Automating (even more) early and often

I was going to write a post about doing DevOps on AWS, and what it taught me about the rest of software development. But it was getting too long, so I'm publishing it as a short series of posts instead. This section is about how doing DevOps at Redox has given me a new appreciation for the wonders of automation.

When a task becomes tedious or repetitive, most developers have a natural instinct to automate it. Some developers (among them, myself) have not much tolerance for unnecessary repetition, to the extent that we'll automate boring tasks even if it might have been faster not to. We automate stuff because it's more interesting, and if we're lucky, it might save some time too.

But as I do more operations on real-life production systems, it's sinking into me that the most important benefits of automation are completely different from what I originally thought. Timesaving and fun are really just the tip of the iceberg. The other important benefits of automation are relevant even if the automation sucks to do and never saves any time at all.

The biggest benefit is that automated operations are dramatically safer than manual ones. This is something that everyone knows in principle, but it's still easy to underestimate the possibility of manual error -- that is until you're the one who finds themselves doing that midnight operation on the production database. Everybody makes mistakes. Tired or stressed-out people make way more mistakes than average -- and you will have to do operations while tired, or stressed, or often both. At those times, nothing is more comforting than knowing that you don't have to do things manually.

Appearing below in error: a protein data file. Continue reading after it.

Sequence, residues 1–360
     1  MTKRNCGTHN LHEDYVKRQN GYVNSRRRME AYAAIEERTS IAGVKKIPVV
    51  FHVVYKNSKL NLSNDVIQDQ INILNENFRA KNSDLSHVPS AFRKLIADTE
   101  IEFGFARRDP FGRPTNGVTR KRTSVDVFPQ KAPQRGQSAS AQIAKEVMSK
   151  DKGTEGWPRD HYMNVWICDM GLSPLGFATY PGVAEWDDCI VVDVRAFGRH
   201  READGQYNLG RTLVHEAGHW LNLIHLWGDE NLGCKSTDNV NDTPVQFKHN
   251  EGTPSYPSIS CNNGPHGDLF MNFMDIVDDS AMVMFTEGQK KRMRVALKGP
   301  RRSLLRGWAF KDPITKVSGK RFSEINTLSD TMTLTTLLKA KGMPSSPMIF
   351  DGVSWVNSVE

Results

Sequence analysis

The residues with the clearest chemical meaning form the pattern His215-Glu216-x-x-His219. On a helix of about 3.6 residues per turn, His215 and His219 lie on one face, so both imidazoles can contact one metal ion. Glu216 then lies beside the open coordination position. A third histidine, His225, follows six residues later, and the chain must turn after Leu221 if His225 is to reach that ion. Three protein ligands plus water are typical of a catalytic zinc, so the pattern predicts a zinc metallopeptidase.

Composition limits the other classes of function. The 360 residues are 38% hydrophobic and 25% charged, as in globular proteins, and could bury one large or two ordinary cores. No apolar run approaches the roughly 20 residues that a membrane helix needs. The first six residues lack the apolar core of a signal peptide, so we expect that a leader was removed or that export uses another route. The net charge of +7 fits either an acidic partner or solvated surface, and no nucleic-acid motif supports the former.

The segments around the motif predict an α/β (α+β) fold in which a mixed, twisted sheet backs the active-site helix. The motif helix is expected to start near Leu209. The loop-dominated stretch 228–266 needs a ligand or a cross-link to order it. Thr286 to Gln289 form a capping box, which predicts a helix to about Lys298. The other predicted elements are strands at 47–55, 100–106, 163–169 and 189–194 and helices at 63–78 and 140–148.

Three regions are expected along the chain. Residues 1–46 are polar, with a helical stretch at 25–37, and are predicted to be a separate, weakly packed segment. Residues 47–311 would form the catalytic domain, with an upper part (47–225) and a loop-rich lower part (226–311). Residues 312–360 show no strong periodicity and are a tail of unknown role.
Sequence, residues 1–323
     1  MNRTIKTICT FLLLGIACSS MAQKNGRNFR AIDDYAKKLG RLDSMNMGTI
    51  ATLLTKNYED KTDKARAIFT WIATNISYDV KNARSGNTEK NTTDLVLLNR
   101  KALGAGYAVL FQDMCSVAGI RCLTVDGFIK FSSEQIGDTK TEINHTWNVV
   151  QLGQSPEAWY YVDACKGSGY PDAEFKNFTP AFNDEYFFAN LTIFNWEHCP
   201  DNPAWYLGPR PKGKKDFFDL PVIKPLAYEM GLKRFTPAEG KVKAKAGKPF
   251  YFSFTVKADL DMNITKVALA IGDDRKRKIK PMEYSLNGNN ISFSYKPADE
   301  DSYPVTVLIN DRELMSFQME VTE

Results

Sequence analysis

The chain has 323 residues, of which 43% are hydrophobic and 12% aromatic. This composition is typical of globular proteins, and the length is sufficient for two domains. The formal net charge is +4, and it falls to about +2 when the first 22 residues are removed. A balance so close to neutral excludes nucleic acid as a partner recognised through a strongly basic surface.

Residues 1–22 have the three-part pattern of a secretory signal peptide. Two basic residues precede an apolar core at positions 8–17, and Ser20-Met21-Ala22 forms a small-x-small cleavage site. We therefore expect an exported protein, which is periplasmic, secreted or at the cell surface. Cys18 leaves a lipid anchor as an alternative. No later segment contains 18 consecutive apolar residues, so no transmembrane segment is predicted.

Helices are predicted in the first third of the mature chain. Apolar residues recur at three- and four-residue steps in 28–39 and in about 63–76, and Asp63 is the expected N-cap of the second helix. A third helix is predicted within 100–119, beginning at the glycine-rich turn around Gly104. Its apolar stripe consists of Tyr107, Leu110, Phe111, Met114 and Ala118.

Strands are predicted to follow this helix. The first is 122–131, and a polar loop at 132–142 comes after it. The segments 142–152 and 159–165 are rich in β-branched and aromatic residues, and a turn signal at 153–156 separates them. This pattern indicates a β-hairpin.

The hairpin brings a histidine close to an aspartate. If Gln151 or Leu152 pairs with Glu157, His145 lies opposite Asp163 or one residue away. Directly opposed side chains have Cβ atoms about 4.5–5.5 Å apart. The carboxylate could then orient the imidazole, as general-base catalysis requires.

Probably the next-biggest benefit is that automated tasks are completely self-documenting. In other words, automation is an alternative to documentation. It doesn't completely remove the documentation burden, but it can dramatically reduce it. Not only that, but a Bash script, for example, has superior usability and tendency towards correctness than a list of commands in a wiki page or in your memory. And although it might be tempting to think that some ad-hoc operation doesn't need documenting because it won't ever need to happen again, just remember: In the fullness of time, lightning always strikes twice. Don't throw away your lightning rod.

Automation is like butter -- it's surprisingly hard to use too much of it. I've started automating as early as possible, even if it doesn't seem like it'll save time. I do it to make the operations as safe and repeatable as possible. The idea is to automate proactively: to avoid, from the very beginning, the potential problems intrinsic to manual operations. Of course, this is hardly a new idea. But I've found that doing DevOpsy work really drives home the point on a visceral level.

Here are some examples of what I think a "proactive automation" mindset looks like in practice:

  • Are you doing anything non-trivial on the command line -- even once? Wrap the commands in a Bash script instead.

  • After rebooting your computer, you should be able to go from a blank slate to performing any operation within just one or two commands. Don't let your emergency response time be slowed down by having to remember how to set up your work environment.

  • Avoid doing important configuration or complex setup using Web-based dashboards. Instead, write a script that uses does the operations via an API.

  • As a corollary of the above, run -- don't walk -- away from using anything that doesn't have an API.

  • Use infrastructure-as-code tools (CloudFormation, Terraform et. al.) as much as possible. If one doesn't exist for something you're using, you might actually want to write your own. (It's not that hard, as long as there's an API (see the previous point) and you don't do anything too fancy.)